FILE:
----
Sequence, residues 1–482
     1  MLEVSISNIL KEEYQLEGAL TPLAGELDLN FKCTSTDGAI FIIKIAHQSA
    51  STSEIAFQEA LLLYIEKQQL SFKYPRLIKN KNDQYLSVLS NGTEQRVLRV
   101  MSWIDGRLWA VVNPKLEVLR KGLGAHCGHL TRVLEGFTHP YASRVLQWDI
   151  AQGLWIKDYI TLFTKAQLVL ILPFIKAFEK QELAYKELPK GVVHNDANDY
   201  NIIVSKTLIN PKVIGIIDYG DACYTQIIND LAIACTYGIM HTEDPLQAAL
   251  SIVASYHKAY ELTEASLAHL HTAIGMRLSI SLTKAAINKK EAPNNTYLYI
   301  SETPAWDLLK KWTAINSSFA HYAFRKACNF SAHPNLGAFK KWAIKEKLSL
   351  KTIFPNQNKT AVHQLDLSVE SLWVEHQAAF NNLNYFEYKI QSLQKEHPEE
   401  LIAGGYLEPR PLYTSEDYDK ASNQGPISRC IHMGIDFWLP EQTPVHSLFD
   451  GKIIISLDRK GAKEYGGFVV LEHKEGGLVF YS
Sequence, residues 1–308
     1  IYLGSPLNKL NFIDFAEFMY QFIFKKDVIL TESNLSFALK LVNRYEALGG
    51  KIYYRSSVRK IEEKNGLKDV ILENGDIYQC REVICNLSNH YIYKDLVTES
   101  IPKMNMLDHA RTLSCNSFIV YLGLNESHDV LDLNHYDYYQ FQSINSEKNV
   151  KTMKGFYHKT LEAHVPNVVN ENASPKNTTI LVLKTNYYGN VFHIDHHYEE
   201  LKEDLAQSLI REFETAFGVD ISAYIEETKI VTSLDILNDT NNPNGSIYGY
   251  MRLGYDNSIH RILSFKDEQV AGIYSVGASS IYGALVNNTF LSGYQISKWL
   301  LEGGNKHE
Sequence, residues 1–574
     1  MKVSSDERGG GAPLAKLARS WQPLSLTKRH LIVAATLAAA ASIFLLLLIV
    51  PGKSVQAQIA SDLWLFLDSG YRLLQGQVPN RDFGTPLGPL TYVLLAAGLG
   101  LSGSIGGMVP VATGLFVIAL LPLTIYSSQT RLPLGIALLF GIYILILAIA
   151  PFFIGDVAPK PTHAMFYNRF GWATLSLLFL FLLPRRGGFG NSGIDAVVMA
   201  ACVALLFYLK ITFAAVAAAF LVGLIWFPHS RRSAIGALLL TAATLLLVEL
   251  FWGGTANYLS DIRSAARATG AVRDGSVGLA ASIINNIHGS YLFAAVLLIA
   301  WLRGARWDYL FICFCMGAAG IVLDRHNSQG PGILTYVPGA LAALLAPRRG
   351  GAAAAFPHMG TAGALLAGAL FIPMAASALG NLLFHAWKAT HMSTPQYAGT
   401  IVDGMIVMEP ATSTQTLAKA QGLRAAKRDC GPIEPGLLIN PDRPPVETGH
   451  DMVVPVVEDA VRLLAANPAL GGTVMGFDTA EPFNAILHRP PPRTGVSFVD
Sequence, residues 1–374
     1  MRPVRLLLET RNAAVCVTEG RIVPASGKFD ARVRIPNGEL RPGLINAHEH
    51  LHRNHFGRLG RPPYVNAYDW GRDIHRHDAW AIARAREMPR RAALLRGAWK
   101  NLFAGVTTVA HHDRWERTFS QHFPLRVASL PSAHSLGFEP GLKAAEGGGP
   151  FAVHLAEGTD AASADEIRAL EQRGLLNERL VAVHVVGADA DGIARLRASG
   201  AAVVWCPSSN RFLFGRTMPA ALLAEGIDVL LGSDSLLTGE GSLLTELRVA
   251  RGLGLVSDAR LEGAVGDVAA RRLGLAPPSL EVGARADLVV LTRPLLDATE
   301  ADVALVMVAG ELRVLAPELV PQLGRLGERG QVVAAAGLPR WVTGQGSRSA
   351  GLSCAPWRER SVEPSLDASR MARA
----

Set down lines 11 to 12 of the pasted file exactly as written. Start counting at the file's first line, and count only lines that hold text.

   451  GKIIISLDRK GAKEYGGFVV LEHKEGGLVF YS
Sequence, residues 1–308